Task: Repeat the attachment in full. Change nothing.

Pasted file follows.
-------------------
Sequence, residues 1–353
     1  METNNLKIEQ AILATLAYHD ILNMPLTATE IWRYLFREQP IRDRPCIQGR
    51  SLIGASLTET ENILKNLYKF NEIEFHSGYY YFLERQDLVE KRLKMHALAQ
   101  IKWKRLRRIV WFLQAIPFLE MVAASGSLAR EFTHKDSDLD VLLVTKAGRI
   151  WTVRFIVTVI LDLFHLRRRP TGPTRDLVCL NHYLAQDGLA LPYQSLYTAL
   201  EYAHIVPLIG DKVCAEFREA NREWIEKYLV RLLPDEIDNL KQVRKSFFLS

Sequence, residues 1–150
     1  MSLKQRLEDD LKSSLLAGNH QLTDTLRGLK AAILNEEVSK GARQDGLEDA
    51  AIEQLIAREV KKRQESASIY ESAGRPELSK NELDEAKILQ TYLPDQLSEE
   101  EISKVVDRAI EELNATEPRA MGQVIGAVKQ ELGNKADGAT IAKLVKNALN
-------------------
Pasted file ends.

Sequence, residues 1–353
     1  METNNLKIEQ AILATLAYHD ILNMPLTATE IWRYLFREQP IRDRPCIQGR
    51  SLIGASLTET ENILKNLYKF NEIEFHSGYY YFLERQDLVE KRLKMHALAQ
   101  IKWKRLRRIV WFLQAIPFLE MVAASGSLAR EFTHKDSDLD VLLVTKAGRI
   151  WTVRFIVTVI LDLFHLRRRP TGPTRDLVCL NHYLAQDGLA LPYQSLYTAL
   201  EYAHIVPLIG DKVCAEFREA NREWIEKYLV RLLPDEIDNL KQVRKSFFLS

Sequence, residues 1–150
     1  MSLKQRLEDD LKSSLLAGNH QLTDTLRGLK AAILNEEVSK GARQDGLEDA
    51  AIEQLIAREV KKRQESASIY ESAGRPELSK NELDEAKILQ TYLPDQLSEE
   101  EISKVVDRAI EELNATEPRA MGQVIGAVKQ ELGNKADGAT IAKLVKNALN